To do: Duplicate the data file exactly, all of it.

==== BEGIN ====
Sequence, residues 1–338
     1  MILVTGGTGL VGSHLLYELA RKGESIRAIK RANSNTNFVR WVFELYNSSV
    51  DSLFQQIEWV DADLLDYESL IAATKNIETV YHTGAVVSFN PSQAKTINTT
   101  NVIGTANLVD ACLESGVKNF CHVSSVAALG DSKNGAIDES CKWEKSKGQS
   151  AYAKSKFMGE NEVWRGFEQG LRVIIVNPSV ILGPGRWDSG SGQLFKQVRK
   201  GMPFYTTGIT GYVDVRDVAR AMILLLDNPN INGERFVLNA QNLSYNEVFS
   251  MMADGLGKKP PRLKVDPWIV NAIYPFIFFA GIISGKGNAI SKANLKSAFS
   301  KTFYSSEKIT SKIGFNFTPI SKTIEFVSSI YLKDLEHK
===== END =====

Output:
Sequence, residues 1–338
     1  MILVTGGTGL VGSHLLYELA RKGESIRAIK RANSNTNFVR WVFELYNSSV
    51  DSLFQQIEWV DADLLDYESL IAATKNIETV YHTGAVVSFN PSQAKTINTT
   101  NVIGTANLVD ACLESGVKNF CHVSSVAALG DSKNGAIDES CKWEKSKGQS
   151  AYAKSKFMGE NEVWRGFEQG LRVIIVNPSV ILGPGRWDSG SGQLFKQVRK
   201  GMPFYTTGIT GYVDVRDVAR AMILLLDNPN INGERFVLNA QNLSYNEVFS
   251  MMADGLGKKP PRLKVDPWIV NAIYPFIFFA GIISGKGNAI SKANLKSAFS
   301  KTFYSSEKIT SKIGFNFTPI SKTIEFVSSI YLKDLEHK